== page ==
Search billions of records on

Coins and notes in Sallay’s words

Ex-Central Bank official says every coin has its own story

By Smriti Daniel, Pix by J. Weerasekera


An hour with T.M.U. Sallay will have you looking at those coins and notes in your wallet from a very different perspective. As one of the first employees of Sri Lanka’s Central Bank, Mr. Sallay will be the first to tell you that the money we use so casually can not only be a work of art, but also be a victim of politics. Its ebb and flow are tremendously complex, but for a man who delights in the details there is a story worth telling behind every new coin and every change in colour.

Mr. Sallay was not always a connoisseur of currency; he recalls, for he once sold some of his father’s collection for the price of the metal it was made off. However, when he was 30, he applied for a post at the then newly-formed Central Bank. He got the job in the Currency Department of the Central Bank of Ceylon (as it was then known) as a non-staffer in early 1951. He stayed with the bank for over three decades until his retirement as a Senior Assistant Superintendent.

“A graduate from the University of Experience,” Mr. Sallay continues to collect coins and notes today and has been known to drop in on a meeting of the Numismatic Society – of which he was a founder member. Though in his late 80s, his memory is sharp and in his head is a veritable treasure trove of in point – the incident of the purple five rupee note.


It’s the early 1950s and in the home of Deputy Governor Rajapatirana, a domestic given a five rupee note, returned with change for two rupees only. The D.G’s wife was upset, and the matter came to the notice of the Governor. The confusion was because both notes were of the same colour. In 1954, when a new run was commissioned, the colour of one of the notes was changed to red.


Other changes have had less to do with practicality and more to do with business. Laki Senanayake’s iconic 1979 currency notes are today considered valuable works of art. Mr. Sallay is inordinately fond of those designs, not only for their aesthetic value but for the detail the artist incorporated into each piece. And he should know, having been deeply involved with the actual printing of the notes. “I had a really hard time because we had to give all the names of those trees and plants and animals,” he recollects, adding that he spent many hours with a warden in the Forest Department getting the scientific names exactly right.


Mr. Sallay still has his handwritten lists, and he uses them to illustrate what he considers evidence of the artist’s genius – the three banded crimson carp on the two rupee note was Puntius Nigrofasciatus, and it is a Grey Hornbill (Tockus Gingalenses) that sits atop the velvet tamarind tree (Dialium Ovoideum) in the ten-rupee note. The devil of course, was in the spellings.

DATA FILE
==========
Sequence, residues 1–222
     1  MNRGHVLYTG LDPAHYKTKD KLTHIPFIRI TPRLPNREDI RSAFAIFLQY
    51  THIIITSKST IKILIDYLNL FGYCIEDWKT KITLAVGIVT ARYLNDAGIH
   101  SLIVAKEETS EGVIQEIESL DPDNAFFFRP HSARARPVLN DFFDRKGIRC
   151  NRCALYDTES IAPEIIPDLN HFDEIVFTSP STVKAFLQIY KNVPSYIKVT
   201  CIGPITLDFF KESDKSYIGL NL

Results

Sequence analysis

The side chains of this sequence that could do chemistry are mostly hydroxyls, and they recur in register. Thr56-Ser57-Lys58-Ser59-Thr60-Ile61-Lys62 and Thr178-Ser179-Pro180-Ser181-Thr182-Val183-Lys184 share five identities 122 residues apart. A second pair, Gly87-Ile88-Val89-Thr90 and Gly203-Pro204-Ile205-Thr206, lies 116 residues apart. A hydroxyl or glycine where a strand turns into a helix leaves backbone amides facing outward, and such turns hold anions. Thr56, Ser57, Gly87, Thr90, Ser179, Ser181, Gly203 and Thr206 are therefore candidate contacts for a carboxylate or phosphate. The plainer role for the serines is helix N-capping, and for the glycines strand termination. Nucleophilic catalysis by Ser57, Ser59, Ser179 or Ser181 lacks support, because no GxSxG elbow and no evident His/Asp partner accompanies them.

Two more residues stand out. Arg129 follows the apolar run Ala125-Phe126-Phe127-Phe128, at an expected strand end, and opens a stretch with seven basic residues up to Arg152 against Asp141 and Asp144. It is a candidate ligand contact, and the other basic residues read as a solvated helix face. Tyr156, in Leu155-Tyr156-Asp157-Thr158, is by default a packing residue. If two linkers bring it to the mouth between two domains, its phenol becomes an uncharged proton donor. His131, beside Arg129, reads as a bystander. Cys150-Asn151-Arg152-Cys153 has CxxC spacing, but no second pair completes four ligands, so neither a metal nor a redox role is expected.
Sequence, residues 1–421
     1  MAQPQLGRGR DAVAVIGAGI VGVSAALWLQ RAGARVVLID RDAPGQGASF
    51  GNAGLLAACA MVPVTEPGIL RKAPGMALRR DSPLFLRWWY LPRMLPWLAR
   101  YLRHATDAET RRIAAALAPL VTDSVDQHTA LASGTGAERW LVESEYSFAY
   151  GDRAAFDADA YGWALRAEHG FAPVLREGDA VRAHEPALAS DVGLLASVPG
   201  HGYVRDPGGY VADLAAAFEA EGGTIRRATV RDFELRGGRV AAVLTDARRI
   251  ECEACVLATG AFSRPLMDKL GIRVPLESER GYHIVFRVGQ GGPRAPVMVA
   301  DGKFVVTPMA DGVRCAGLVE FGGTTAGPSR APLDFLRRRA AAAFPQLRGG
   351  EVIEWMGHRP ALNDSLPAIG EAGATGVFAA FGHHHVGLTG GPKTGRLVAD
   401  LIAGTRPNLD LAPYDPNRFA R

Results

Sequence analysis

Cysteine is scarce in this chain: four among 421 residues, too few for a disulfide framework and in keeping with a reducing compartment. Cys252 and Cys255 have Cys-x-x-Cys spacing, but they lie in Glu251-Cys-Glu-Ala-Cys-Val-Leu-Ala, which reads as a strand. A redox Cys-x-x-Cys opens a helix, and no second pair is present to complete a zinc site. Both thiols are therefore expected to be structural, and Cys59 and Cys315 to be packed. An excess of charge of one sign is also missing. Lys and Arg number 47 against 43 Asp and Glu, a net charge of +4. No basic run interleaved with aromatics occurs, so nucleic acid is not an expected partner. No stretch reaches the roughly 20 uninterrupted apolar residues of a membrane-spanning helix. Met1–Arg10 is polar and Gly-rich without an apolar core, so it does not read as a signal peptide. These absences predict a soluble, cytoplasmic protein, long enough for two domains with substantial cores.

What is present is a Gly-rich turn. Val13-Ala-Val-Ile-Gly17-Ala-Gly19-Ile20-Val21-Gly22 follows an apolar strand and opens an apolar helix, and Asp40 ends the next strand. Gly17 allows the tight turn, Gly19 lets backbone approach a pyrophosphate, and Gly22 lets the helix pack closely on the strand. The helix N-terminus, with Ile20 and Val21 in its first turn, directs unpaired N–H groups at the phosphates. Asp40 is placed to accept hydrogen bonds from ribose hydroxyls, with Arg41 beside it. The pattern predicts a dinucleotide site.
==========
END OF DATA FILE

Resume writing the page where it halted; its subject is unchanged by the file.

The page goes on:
T.M.U. Sallay

These various endemic flora and fauna featured on the notes were also grouped together in their native climate zones. “The 100-rupee note for instance featured the Seldina bird which is found at about 4,000 feet above sea level,” says Mr. Sallay, adding that the plants and insects that share the note are all from the same elevation. Hence, the notes reflect their inspiration in their colouring as well as in the order in which various animals and plants hailing from different altitudes are placed.

When the government decided to switch designs, it was not because the notes could be easily forged as the public was led to believe at that time, but because the printers had changed -- Bradbury Wilkinson and Co. had given way to Thomas De La Rue. The truth was that the notes were not easy to duplicate -- several security measures had been included. In an article he wrote for World Coin News in 1981, Mr. Sallay cited, as an example of this, the unique circular patterns created from Sri Lankan corals that were placed on the top and bottom of the notes.


He remembers his last assignment with particular fondness. A new coin was released to carry the image of Sri Lanka’s first President J.R Jayewardene. There was only one problem – the coins had to be ready in three weeks but the Royal Mint normally took four to six months to create a new coin. Mr. Sallay was sent to London to see the process through.


It was only after he reached London that his office informed him that the powers on high were somewhat displeased though that this coin was to be a humble 1 rupee coin. They had decided that aside from the standard run, they would have the Royal Mint in London create 25 to 30 commemorative coins in gold. To date, Mr. Sallay seems positively amazed that the entire thing went off without a hitch. When he flew back on January 31, 1978, he was carrying a case filled with perfect gold coins. These precious replicas were then given to the President-elect a few days later. Most of the coins were gifted to family members and highly placed cabinet members.


They are today valued as collectors’ items. Ironically, Mr. Sallay never received the gold coin that he was supposed to have been given in recognition of his work.

Today, he doesn’t follow the trends as closely as he used to, and does not consider himself a serious collector. His love of the subject, however, has made him a favourite with other collectors – they know they will always find a story worth hearing when they sit down with Mr. Sallay for a chat.